Good luck,



Ben January 26, 2013 at 11:59 am

In 1991 I ripped the ligaments in my left ankle (ie. it was completely seperated). It was operated, but recently it started to swell again right below the old scar, and it starts to hurt even more while walking. Is this the old injury or something completely new? After the operation i even served in the military and it was ok, and for over 10 years it was as good as new. I havent hurt the ankle to my recollection.


admin January 27, 2013 at 8:28 am


It is possible the old scar tissue and/or the compensation pattern set this up. Rolfing could help. Acupuncture may help the actual joint. Good luck.


Sai Tarun March 18, 2013 at 11:06 am

This article helped me a lot to know my problem.

as mentioned by one person, i might be going through “chronic a facial adhesion”
I wanted to know where do you cure by Rolfing. I am going through this problem for almost 2 years now !!
please help me !!


admin March 18, 2013 at 11:46 am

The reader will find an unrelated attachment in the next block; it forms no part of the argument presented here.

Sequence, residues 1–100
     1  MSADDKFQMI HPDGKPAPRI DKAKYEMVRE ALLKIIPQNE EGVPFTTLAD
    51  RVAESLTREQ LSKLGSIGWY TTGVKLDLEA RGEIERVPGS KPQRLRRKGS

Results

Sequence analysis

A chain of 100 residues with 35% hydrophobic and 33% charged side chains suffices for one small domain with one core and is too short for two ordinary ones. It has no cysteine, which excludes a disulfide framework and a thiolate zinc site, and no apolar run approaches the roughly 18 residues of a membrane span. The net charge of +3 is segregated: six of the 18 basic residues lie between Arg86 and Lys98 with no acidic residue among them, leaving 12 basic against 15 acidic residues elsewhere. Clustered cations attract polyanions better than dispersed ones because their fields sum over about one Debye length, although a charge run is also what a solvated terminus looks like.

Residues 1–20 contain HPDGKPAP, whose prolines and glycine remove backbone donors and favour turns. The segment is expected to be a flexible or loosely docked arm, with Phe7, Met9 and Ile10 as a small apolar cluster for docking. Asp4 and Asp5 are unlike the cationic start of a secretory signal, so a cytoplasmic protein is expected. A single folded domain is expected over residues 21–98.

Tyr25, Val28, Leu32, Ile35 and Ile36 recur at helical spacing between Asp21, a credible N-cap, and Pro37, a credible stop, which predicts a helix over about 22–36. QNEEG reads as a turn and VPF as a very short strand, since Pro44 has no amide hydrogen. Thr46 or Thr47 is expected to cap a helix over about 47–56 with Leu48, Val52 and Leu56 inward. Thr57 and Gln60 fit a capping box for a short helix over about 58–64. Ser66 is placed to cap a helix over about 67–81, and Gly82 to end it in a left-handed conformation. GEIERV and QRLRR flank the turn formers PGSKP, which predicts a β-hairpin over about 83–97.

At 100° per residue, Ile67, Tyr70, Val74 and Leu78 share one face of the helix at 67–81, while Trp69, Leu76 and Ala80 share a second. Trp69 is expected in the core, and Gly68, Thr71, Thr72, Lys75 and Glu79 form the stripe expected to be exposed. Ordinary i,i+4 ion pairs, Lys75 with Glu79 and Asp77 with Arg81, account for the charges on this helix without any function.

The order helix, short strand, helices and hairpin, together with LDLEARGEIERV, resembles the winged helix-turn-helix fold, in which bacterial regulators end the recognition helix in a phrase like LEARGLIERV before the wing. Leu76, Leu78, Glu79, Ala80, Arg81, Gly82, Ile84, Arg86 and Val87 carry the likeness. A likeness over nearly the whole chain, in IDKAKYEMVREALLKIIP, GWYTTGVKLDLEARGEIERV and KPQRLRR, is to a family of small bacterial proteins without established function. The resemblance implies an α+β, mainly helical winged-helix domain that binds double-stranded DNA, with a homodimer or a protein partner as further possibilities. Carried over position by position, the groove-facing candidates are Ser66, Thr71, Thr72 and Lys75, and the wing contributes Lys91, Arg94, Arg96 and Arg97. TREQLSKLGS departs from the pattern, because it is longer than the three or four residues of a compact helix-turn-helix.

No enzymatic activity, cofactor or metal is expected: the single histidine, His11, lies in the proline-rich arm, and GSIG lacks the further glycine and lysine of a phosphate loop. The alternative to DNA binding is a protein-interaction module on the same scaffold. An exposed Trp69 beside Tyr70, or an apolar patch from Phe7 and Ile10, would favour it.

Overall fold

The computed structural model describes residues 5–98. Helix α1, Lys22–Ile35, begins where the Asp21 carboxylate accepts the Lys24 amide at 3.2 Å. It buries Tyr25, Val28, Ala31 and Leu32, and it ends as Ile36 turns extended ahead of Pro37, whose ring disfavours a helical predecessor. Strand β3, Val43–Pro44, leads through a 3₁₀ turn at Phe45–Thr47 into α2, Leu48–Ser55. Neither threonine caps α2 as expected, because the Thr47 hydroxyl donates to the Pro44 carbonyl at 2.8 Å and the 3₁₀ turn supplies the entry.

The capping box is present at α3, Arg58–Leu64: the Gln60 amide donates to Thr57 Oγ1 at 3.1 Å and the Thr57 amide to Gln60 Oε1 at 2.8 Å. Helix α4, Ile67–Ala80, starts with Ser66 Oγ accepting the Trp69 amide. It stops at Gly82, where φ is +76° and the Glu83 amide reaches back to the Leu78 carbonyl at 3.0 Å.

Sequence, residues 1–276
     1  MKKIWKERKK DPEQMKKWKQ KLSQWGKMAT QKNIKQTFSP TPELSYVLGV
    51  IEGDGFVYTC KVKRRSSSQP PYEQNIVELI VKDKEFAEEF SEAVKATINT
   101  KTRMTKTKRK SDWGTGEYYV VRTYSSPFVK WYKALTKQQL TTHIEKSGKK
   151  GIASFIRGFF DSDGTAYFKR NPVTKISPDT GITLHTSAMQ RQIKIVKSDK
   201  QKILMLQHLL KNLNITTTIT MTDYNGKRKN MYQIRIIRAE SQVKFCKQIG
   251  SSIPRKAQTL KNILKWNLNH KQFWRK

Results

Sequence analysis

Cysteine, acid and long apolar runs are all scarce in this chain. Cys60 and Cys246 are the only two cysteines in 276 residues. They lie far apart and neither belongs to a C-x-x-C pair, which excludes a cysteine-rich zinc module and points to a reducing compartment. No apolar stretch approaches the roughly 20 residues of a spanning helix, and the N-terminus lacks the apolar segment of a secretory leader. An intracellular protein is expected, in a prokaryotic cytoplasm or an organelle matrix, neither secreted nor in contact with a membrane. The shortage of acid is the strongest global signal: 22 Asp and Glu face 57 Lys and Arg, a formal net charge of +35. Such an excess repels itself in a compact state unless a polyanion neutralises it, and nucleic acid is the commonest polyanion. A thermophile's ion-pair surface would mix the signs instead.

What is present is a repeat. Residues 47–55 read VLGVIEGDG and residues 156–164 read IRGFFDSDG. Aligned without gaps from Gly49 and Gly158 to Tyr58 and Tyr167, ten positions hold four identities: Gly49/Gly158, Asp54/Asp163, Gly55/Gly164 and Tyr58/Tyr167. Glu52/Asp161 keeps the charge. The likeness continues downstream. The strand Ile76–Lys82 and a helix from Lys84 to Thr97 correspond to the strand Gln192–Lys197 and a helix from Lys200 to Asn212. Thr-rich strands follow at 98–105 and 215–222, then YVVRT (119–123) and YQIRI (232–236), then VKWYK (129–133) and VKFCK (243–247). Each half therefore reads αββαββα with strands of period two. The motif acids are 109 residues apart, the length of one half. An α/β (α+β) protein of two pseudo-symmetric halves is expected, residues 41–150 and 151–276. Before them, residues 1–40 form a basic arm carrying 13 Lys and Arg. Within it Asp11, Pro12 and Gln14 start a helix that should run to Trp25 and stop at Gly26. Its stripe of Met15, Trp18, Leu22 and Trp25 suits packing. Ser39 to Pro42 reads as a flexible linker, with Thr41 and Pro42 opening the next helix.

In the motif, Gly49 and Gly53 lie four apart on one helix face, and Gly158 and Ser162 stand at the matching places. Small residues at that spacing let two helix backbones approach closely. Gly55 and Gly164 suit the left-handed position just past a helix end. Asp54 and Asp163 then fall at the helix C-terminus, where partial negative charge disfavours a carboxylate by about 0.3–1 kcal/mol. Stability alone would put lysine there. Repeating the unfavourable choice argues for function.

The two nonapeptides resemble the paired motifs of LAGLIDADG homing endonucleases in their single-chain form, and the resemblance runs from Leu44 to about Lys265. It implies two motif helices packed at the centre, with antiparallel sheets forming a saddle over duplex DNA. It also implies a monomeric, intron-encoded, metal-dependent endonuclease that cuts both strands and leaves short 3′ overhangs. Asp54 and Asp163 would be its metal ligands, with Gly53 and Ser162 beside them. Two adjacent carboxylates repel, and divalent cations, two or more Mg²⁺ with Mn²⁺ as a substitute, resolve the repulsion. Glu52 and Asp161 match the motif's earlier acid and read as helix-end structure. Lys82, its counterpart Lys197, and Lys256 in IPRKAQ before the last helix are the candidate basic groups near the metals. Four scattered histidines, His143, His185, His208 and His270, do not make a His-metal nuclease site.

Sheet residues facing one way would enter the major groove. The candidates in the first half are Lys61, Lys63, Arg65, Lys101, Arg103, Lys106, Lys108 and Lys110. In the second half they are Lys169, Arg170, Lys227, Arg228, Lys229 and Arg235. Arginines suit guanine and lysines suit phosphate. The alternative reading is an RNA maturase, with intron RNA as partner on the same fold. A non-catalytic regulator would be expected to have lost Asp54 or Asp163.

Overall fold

The reason Rolfing works and last is that we treat more than the symptom. The cause varies per person, so I’m sorry I can’t say where we would treat it.


Ayman April 1, 2013 at 1:53 pm

How would I go about healing a glute medius strain and an imbalanced pelvic ?


admin April 1, 2013 at 2:50 pm

For my money – Rolfing. When I had my clinic in AZ I had several athletes with your problem. Releasing the strain is only half of it. Releasing then organizing the body is the other half of it. I suggest find a good Rolfer.


Cynthia Phillips May 26, 2013 at 6:40 pm

Cold compress helps a bit, but my doctor advises to use bands also and I take some pain reliever. Hearing about this program makes me want to know more. Thanks for sharing!


admin May 26, 2013 at 8:05 pm

Cynthia, cold is best for acute sprains, but for the old ones you need to look for something more. Good luck.


Gary September 11, 2013 at 12:39 pm